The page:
The Federal Circuit vacated the Trademark Trial and Appeal Board’s (“Board”) cancellation of two JobDiva service mark registrations—one in whole and the other in part—and remanded for further consideration.
The two JOBDIVA service marks were registered for “personnel placement and recruitment” services and for “personnel placement and recruitment services; computer services, namely, providing databases featuring recruitment and employment, employment advertising, career information and resources, resume creating, resume transmittals and communication of responses thereto via a global computer network.”
JobDiva uses its marks in connection with product and services offerings, in the form of software that automatically provides “an applicant tracking system for recruiting departments, and for HR departments seeking to staff people.” (internal quotations and punctuation omitted).
JobDiva originally petitioned the Board to cancel a registration owned by Jobvite, Inc., asserting a likelihood of confusion between Jobvite’s and JobDiva’s service marks. Jobvite counterclaimed, arguing that JobDiva’s registrations should be canceled because JobDiva failed to perform personnel placement and recruitment services. The Board granted Jobvite’s counterclaim despite the fact that Jobvite did not provide any affirmative evidence of abandonment. In spite of JobDiva’s evidence that its software actually performs personnel placement and recruitment services, the Board faulted this evidence for failing to show that JobDiva offered the “software in addition to offering personnel placement and recruitment services.” (emphasis in original).
“Section 1(a) of the Lanham Act requires that an application to register a trademark must include specification of . . . the goods in connection with which the mark is used.” (internal quotation marks omitted). Thus, “a registrant must use its mark in accordance with goods and services recited in the registration.” If “the mark has not been used for the goods or services specified in the registration for at least three years and there is no showing of an intent to resume use of the mark for those goods or services,” a registration may be deemed abandoned and canceled.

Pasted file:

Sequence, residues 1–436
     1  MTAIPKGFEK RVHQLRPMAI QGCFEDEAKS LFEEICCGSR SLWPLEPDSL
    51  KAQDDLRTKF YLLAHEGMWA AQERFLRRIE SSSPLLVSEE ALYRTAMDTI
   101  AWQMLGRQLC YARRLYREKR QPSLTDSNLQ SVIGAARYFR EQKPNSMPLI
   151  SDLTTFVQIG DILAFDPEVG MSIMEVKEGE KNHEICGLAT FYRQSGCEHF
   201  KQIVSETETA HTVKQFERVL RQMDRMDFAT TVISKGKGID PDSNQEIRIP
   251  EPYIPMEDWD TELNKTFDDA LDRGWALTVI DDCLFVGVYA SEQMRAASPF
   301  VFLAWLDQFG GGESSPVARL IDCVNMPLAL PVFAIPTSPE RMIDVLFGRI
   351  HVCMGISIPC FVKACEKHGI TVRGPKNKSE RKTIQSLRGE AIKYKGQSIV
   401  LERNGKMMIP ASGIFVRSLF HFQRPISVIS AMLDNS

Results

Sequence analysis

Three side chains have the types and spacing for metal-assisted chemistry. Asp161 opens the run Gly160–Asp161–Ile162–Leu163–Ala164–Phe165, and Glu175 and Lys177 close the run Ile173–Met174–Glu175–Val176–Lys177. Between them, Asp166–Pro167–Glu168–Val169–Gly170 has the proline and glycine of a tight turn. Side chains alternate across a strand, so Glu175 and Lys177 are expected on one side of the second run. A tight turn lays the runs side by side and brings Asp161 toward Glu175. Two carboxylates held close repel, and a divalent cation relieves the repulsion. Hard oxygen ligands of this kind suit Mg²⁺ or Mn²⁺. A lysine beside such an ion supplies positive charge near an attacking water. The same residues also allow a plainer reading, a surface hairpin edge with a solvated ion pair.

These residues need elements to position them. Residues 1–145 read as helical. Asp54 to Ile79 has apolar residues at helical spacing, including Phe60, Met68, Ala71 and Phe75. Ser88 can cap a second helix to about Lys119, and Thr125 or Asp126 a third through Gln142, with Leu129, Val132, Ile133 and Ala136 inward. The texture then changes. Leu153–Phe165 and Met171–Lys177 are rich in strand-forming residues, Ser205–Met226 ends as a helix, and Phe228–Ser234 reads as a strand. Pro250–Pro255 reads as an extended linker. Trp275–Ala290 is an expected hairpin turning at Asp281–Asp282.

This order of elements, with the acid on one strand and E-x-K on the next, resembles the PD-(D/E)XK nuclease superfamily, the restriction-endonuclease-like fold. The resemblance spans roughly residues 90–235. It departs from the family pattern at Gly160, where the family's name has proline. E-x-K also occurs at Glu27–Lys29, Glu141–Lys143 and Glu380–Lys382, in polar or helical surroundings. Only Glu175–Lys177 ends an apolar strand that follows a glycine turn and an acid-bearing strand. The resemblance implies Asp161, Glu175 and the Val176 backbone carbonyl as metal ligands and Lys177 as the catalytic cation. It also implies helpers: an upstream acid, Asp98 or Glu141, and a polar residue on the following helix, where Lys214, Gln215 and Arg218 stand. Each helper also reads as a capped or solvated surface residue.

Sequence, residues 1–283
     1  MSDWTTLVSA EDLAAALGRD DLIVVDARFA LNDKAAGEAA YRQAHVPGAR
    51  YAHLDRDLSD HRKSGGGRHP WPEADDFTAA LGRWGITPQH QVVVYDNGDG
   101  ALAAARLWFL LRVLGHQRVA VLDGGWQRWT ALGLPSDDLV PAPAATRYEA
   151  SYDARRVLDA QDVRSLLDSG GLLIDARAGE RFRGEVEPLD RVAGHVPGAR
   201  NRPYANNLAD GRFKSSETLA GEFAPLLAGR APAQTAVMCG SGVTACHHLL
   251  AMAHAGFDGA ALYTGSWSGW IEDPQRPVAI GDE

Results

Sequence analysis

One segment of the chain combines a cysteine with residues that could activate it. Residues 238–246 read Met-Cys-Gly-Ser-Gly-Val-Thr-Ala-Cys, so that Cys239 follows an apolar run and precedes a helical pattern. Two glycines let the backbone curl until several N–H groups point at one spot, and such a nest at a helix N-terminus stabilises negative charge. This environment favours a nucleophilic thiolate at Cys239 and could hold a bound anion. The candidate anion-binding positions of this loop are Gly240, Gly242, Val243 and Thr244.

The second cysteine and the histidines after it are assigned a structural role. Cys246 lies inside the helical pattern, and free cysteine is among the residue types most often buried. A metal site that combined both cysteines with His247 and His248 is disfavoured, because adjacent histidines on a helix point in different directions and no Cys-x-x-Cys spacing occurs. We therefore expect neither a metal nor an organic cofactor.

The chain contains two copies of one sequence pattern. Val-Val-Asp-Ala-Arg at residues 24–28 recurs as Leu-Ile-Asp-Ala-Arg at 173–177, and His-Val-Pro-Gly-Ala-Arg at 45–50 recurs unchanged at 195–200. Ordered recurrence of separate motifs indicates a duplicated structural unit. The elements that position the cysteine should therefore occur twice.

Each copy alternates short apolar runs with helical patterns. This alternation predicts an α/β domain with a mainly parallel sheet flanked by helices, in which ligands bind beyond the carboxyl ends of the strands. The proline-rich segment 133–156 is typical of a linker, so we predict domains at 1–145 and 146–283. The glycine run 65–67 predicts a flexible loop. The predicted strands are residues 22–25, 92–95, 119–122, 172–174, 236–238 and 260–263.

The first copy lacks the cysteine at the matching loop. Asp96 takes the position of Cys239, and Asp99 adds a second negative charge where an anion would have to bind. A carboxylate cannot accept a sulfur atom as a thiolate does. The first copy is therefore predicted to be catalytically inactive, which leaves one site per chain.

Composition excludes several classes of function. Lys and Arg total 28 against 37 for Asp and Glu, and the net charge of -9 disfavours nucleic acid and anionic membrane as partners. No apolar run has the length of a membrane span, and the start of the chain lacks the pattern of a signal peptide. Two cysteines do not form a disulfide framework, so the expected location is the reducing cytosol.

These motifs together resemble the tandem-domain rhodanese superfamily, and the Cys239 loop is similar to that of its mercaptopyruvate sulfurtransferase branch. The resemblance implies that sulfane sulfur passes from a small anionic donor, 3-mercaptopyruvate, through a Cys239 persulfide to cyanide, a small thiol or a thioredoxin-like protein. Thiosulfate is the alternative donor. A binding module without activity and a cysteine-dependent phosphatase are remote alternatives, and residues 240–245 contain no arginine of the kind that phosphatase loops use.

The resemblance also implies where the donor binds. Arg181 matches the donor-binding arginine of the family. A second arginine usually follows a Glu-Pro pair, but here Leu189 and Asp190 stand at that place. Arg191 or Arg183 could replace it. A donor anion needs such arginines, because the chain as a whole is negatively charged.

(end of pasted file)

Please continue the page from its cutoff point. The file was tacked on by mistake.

The Court agreed with “the Board’s initial observation that, with modern technology, the line between services and products sometimes blurs.” The Court rejected, however, the Board’s bright-line rule requiring JobDiva to prove that it provided personnel placement and recruitment services in a way other than by its software alone. In such cases, the Court warned that a case-by-case determination must be made, and “careful analysis is required to determine whether web-based offerings, like those JobDiva provides are products or services.” The Court clarified that “[e]ven though a service may be performed by a company’s software, the company may well be rendering a service.” According to the Court, “[t]he question is whether a user would associate the mark with ‘personnel placement and recruitment’ services performed by JobDiva, even if JobDiva’s software performs each of the steps of the service.”
Because the Board applied the wrong legal standard, the Court vacated the Board’s decision and remanded for further consideration.
As the Court pointed out in its opinion, JobDiva could have avoided the issues in this case by initially registering “marks to identify both software and services performed by software.” Practitioners should take care to register a mark for all goods and services for which the mark may be used.